By TIMOTHY AEPPEL and KAREN LUNDEGAARD
Staff Reporters of THE WALL STREET JOURNAL
A group including about 40 state attorneys general joined forces to aid
their investigations into the handling by Bridgestone/Firestone Inc. and
Ford Motor Co. of a massive automobile-tire recall linked to 101 deaths.
The group began forming during a conference
call a week ago, and the chief legal officers from
about 40 states participated in the most recent
call, according to people familiar with the
Separately, Automotive Lease Guide, the bible for valuing new-vehicle
leases, has downgraded the value of the Ford Explorer, in part because
of the recent tire recall but also because it and other popular
sport-utility vehicles are fetching lower prices in an oversaturated
The guide's action could result in more-expensive leases on SUVs or
higher incentive costs for auto makers, since the ALG's values are
widely-followed benchmarks for setting lease terms for new vehicles.
Todd Boyer, a spokesman for Ohio Attorney General Betty
Montgomery, said cooperative efforts are common when a number of
states are "gathering, processing and issuing demands for information
from corporate entities." He said it would be a mistake to characterize
the group as forming a single investigative body.
But clearly, the creation of such a network could facilitate each state's
formal investigations. It also means Bridgestone/Firestone, a unit of
Japan's Bridgestone Corp., and Ford, of Dearborn, Mich., wouldn't have
to deal with dozens of state requests, which could slow the release of
data and prolong discovery. The states are expected to divvy up
responsibility for gathering different kinds of information and to
coordinate its flow. Some of the states, including South Carolina,
already have filed suit in connection with the recall. Others have
indicated that they haven't ruled out such action.
Federal investigators have
linked 101 deaths to tread
separations on Firestone
Wilderness AT, ATX and ATX II
tires, and many of those
fatalities allegedly occurred
when tires failed on Explorers
and caused the vehicles to roll
over. Both Ford and Firestone
have been criticized by
members of Congress,
consumer groups and plaintiffs
lawyers for failing to respond
soon enough to evidence of
problems with the recalled
John Lampe, executive vice president for Bridgestone/Firestone, said
the company was informed by Tennessee Attorney General Paul G.
Summers that a "multistate working group" has been formed. Mr.
Lampe said the tire company would be meeting with the group later this
week and "will be open and fully cooperative ... in sharing data and
other background.'' A spokeswoman for Mr. Summers said "this is a
working group. I couldn't tell you whether we're contemplating a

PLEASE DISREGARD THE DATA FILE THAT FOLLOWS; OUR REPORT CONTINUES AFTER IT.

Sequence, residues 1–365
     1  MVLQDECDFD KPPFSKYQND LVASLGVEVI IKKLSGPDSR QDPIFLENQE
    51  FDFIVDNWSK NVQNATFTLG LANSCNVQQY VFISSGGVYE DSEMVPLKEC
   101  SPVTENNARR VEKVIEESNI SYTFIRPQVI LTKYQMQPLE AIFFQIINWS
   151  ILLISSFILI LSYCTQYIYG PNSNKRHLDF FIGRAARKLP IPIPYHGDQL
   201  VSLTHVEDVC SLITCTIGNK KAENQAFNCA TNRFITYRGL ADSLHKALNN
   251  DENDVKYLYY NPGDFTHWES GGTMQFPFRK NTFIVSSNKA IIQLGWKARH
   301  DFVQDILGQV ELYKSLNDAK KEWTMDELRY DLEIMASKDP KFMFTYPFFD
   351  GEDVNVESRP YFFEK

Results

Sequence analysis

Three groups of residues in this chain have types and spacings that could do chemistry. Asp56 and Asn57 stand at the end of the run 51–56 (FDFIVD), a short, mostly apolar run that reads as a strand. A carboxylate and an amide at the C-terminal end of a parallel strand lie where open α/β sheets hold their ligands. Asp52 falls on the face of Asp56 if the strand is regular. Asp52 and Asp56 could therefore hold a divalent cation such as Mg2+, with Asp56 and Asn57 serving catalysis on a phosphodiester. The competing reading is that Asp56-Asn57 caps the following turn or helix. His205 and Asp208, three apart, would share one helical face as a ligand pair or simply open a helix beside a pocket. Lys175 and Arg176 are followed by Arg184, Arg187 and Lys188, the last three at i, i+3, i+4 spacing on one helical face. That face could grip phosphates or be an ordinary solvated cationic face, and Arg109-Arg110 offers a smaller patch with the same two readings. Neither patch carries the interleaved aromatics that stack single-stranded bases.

Mr. Lampe also took the opportunity to make sure the group was going
to look at Ford as well as Firestone. "We continue to believe that, in the
interest of public safety, the search for answers should focus on both
the vehicle and the tires," he said.
Susan Krusel, a Ford spokeswoman, said the auto maker isn't aware of
any inquiry by a multistate group of state attorneys general. She said
Ford has been contacted by the offices of attorney generals from seven
states -- Florida, Connecticut, Georgia, Maryland, Ohio, Tennessee and
California -- and is complying with their requests. "Certainly, we have
cooperated with government officials on this investigation to date, and
we intend to cooperate with state attorneys general as well to fulfill their
information needs," she said.
According to information received by Bridgestone/Firestone, those in
the multistate working group are: Alaska, Arizona, Arkansas, California,
Connecticut, Delaware, Florida, Georgia, Hawaii, Idaho, Illinois, Iowa,
Kansas, Kentucky, Louisiana, Maryland, Massachusetts, Minnesota,
Mississippi, Missouri, Montana, Nebraska, Nevada, New Jersey, New
Mexico, North Carolina, Ohio, Oklahoma, Oregon, Pennsylvania, South
Carolina, Tennessee, Texas, Vermont, Virginia, Washington, West
Virginia and Wisconsin, as well as the Commonwealth of Puerto Rico.
In the Automotive Lease Guide's most recent pricing schedule, the
Santa Barbara, Calif., research company hit Ford's Explorer with a
double whammy. The vehicle's projected residual value -- how much it is
predicted to fetch after being leased -- has sunk six percentage points
since last year, shaving $1,850 off the price when an Explorer comes off
lease. One-third of the decline is specifically due to the Firestone tire
recall, says Raj Sundaram, vice president at ALG.
But Mr. Sundaram had a sobering message for other auto makers in the
SUV segment: The vehicles' values "have definitely peaked." The supply
of used cars has increased, he said, and rising incentive spending on
new vehicles has softened used-car values.
Residual values have plummeted by about 15% since 1997 on full-size
SUVs and 14% on compact SUVs, according to the lease guide.
Write to Timothy Aeppel at email@example.com and Karen
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